2. Most of the extracted domains were truncated to around 15 bytes, which make it difficult to identify the victim organization.

Truncated Domains Fragmented Domains

I later learned that what seemed to be truncated domains were actually fragmented domains, where long domain names would be split into multiple queries. This revelation turns the output from RedDrip's python tool into an interesting domain name puzzle. At this point I decided to take a closer look at the malicious SolarWinds update I had downloaded from SolarWind's website a few days ago -- yes, that's right the malicious software update "SolarWinds-Core-v2019.4.5220-Hotfix5.msp" (MD5: 02af7cec58b9a5da1c542b5a32151ba1) was actually available for download from SolarWinds' website long after they had been notified about their software being backdoored!

As an example, lets' take a closer look at this DNS query from John Bambenek's passive DNS data:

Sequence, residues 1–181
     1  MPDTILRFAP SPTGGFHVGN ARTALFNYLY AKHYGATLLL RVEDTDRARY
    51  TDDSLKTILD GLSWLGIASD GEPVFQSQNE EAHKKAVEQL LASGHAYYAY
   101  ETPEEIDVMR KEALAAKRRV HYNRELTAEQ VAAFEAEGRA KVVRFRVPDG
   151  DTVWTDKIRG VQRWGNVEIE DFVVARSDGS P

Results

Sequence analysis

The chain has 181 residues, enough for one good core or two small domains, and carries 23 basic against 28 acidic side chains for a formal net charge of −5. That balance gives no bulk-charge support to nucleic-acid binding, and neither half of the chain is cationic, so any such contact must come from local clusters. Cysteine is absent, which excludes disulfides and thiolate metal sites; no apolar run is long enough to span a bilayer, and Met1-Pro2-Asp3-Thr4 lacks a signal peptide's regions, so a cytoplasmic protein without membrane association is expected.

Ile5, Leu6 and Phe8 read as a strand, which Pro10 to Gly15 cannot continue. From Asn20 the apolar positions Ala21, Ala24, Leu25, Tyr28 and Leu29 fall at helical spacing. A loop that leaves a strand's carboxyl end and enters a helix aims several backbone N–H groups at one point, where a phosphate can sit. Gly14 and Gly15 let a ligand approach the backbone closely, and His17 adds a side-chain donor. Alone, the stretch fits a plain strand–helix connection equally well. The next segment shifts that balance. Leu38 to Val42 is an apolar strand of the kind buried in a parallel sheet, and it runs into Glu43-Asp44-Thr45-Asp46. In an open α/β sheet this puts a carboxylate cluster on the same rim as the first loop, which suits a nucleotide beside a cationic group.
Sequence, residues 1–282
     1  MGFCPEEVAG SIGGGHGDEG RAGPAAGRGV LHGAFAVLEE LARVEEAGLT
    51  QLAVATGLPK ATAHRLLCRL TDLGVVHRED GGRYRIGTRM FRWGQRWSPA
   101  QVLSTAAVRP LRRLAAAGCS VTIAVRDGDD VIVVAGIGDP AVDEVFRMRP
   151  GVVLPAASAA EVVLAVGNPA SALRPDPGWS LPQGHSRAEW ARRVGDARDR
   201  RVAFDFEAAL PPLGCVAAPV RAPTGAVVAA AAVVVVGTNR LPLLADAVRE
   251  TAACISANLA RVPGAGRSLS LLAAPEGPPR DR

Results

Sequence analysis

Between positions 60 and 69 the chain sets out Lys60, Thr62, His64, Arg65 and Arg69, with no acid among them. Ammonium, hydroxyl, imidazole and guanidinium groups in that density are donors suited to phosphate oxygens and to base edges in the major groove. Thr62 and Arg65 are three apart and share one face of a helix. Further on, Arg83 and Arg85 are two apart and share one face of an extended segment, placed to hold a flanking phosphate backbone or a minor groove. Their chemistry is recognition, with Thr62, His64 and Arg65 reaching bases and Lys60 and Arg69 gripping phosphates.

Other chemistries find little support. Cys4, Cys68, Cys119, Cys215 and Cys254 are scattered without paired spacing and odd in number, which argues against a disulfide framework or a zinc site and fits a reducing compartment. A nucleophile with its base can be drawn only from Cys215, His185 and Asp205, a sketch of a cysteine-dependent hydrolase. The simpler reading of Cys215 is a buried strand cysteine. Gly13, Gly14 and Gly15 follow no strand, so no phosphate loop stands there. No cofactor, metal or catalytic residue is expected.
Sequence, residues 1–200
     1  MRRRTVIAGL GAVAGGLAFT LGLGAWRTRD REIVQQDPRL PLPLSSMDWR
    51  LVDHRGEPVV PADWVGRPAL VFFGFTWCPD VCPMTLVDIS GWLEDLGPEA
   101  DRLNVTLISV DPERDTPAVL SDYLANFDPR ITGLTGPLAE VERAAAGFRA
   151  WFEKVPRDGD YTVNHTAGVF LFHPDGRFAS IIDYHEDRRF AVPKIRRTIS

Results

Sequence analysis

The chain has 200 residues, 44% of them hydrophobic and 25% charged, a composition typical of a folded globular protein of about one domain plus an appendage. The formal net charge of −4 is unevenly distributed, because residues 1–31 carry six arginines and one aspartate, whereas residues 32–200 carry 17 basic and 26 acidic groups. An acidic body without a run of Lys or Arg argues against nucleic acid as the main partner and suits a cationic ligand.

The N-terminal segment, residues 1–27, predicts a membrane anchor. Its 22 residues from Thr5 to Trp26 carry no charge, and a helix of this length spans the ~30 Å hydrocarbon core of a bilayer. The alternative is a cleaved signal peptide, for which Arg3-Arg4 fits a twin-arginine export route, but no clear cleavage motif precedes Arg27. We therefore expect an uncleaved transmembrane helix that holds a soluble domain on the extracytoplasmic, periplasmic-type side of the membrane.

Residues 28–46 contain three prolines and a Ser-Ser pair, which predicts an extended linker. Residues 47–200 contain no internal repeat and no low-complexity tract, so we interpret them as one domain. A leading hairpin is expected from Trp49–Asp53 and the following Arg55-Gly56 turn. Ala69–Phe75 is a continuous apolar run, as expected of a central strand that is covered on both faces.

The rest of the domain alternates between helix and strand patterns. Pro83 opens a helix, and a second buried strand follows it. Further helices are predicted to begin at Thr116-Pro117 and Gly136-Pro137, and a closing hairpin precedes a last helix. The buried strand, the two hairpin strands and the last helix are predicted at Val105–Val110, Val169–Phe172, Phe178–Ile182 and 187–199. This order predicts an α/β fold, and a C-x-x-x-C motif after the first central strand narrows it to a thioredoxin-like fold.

r1qshoj05ji05ac6eoip02jovt6i2v0c.appsync-api.us-west-2.avsvmcloud.com

This query can be broken down into three parts:

  1. r1qshoj05ji05ac6 : What is encoded here???
  2. eoip02jovt6i2v0c : Base32 encoded string "city.kingston."
  3. .appsync-api.us-west-2.avsvmcloud.com : DNS trailer without encoded data

So, which "City of Kingston", or "Kingston City", should we contact to let them know that they have installed a trojanized SolarWinds update? Is it Kingston Jamaica, City of Kingston NY USA, City of Kingston Ontario Canada, Kingston City Tennessee USA or City of Kingston Australia?

After analyzing the "SolarWinds.Orion.Core.BusinessLayer.dll" file (MD5: b91ce2fa41029f6955bff20079468448) from the "SolarWinds-Core-v2019.4.5220-Hotfix5.msp" I learned that the initial "r1qshoj05ji05ac6" string is representing a unique "GUID" value for the infected machine. This GUID is generated by calculating an MD5 hash of the MAC address of the first active non-Loopback network interface, the domain name and the "MachineGuid" registry key value in "HKEY_LOCAL_MACHINE\SOFTWARE\Microsoft\Cryptography".